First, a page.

What a welcome change, to have good reason to begin this column on a positive note, by which I refer to the recent announcement from the prime minister’s office that the government has made good on its campaign promise of tax relief. It is to be hoped the relevant mechanisms have also been put in place that will facilitate the declared arrangements, otherwise it will be déjà vu all over again.
Too many times have government departments failed to deliver on parliamentary promises—inland revenue and customs immediately come to mind—on the flimsy basis that only when the government’s words are backed up by appropriate documentation can they be honored.
I might also point out that as appreciated as is the prime minister’s acknowledgement of the problems facing taxpayers at this particular time, businesspeople in particular, the caring among us will realize that with its own revenue cut for whatever good reasons (including the earlier cited new tax arrangements) the government will have an even harder time than usual delivering expected regular services, including health and security. That is, unless it also discovers the courage to cut back on recurring expenses—by far the largest of them being the public service. A question posed in an earlier column deserves repetition: Is there absolutely no way to reduce its operational costs?
As I think about it, would it not serve all of us if the government should assign some of its highly touted economists to discover ways by which to save money? Again, I mention the overseas embassies. What have they done in the past, what do they do now that we cannot do without even temporarily? Do we really have to own real estate in the most expensive sections of Manhattan, Toronto, Ottawa, London and so on—all with their own headaches, property taxes and other bills? Is it imperative that we have diplomats all over the globe and enjoying at public expense the kind of luxury synonymous with hip-hop stars?
What exactly do these chosen people do that could not be done as effectively at home—or from less expensive overseas addresses? What have we accomplished through them that might not have been otherwise achieved? What would happen if some were recalled?
As for the STEP program: correct me if I’m wrong (I’m sure you can hardly wait) in saying it costs taxpayers close to a million dollars a month. Might someone break that up for public information? Since, as I understand it, the money comes out of the consolidated fund—therefore easily accounted for, by all I’ve heard!—it shouldn’t take another four years and an inquiry to discover what qualifies STEP-pers, who verifies their work claims, and so on.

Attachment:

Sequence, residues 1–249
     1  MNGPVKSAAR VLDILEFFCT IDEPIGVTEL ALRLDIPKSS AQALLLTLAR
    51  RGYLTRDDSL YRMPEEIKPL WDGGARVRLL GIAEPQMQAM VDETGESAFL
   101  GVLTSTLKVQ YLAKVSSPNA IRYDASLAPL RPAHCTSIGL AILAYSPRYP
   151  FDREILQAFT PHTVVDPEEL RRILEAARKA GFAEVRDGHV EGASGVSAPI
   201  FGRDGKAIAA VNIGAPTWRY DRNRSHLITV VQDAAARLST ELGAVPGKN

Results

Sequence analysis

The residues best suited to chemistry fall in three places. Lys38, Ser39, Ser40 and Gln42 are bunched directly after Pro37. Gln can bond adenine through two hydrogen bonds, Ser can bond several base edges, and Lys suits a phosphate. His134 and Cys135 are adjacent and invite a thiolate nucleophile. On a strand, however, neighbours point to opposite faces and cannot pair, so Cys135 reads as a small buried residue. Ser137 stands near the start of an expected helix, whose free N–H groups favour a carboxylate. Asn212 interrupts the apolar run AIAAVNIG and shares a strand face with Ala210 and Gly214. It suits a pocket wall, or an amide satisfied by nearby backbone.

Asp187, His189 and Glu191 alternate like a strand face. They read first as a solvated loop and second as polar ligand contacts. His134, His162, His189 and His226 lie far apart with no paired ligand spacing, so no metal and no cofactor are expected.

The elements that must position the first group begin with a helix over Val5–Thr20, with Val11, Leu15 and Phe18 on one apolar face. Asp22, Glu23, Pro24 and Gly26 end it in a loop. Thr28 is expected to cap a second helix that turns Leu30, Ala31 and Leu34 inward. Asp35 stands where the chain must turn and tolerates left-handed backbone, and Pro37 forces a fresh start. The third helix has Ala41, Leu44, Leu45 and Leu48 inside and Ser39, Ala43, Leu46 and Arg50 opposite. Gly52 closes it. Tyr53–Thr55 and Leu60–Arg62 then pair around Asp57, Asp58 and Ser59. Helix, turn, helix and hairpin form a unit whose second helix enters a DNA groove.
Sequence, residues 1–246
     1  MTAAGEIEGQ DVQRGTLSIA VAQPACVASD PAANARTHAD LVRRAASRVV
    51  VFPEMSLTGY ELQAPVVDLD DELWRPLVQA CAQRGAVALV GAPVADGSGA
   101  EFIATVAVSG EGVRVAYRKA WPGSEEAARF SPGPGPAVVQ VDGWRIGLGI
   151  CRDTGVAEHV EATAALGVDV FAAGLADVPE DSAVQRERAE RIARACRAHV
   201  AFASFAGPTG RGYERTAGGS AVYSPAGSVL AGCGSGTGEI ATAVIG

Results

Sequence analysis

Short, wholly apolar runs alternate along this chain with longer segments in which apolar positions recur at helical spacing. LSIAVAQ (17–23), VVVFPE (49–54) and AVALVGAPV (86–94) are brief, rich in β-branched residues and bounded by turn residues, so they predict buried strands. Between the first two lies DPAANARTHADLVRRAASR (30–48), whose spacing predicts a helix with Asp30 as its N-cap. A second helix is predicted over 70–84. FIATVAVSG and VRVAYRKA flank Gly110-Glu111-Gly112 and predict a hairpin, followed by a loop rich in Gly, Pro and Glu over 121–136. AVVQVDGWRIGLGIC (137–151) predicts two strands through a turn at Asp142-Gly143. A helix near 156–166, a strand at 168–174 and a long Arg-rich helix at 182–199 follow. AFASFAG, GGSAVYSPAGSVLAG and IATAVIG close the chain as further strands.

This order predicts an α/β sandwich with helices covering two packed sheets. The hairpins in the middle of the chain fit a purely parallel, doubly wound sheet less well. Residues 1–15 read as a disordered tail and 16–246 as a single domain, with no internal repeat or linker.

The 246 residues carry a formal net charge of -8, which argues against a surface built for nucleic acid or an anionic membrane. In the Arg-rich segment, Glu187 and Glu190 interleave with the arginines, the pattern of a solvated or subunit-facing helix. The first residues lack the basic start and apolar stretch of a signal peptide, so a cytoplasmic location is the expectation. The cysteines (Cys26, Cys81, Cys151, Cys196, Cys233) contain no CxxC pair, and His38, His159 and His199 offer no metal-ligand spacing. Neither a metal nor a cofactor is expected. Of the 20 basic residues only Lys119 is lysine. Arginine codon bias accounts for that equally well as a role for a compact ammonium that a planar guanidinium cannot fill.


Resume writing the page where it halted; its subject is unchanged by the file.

Also: Are STEP workers doing what city council workers already are paid to do? How many of the recommendations from two related inquiries have been implemented? It is good to hear the government has not yet committed to the idea of taking over LIAT—even though the fact that we cannot do without a regional airline remains indisputable. By whatever name, LIAT is a dog-eat-dog business and should not be operated as if it were a WASCO-type charity that exists largely to accommodate otherwise unemployable party hacks. Before this government agrees to put into the company money that obviously the government does not have, the reasons for the airline’s failure all these years must once and for all be identified—and action taken to eliminate them.
Speaking of which: Why have other airlines that set out to serve the region also failed to stay financially afloat? Might the reason have something to do with LIAT and the preferential treatment it has always received from inastute OECS politicians, despite its several extremely expensive, quite unnecessary burdens—not least of them outrageous nepotism? But these are early days yet and the government should be congratulated (yes, I actually wrote that!) on its most recent efforts in behalf of taxpayers. It has only scratched the surface, however, when it comes to the ocean of problems threatening our survival. Still to be delivered are at least a few of the promised jobs-jobs-jobs—by which I mean jobs not sustained by the public purse.
It makes no business sense to have hired Vaughan Lewis as the foreign affairs minister’s special advisor. If his past posts are what got Lewis the job in the first place, then why wasn’t he made a senator with responsibility for foreign affairs? Why pay two salaries when one could’ve bought the evidently essential services of Dr Lewis?
Meanwhile, I can’t help wondering when the latest appointee acquired the CV that recommended him for the job of foreign affairs advisor on matters relating to the OECS, Latin America and so on. After all, to recall all that was said about his performance as OECS boss, before he took up Sir John’s most famous offer in 1995, is to come away absolutely perplexed. But then, is anything about Saint Lucian politics as it appears?
Witness the disaster currently confronting what’s left of our once booming banana industry. Am I the only one who has read about Taiwan’s success in dealing with Black Sigatoka? Or could the official ambivalence toward Tom Chou be standi
ng in the way of dialogue that could be good news for our hurting banana farmers, not to say the rest of Saint Lucia? We should be ever careful not to cut our noses just to spite our faces—however disagreeable!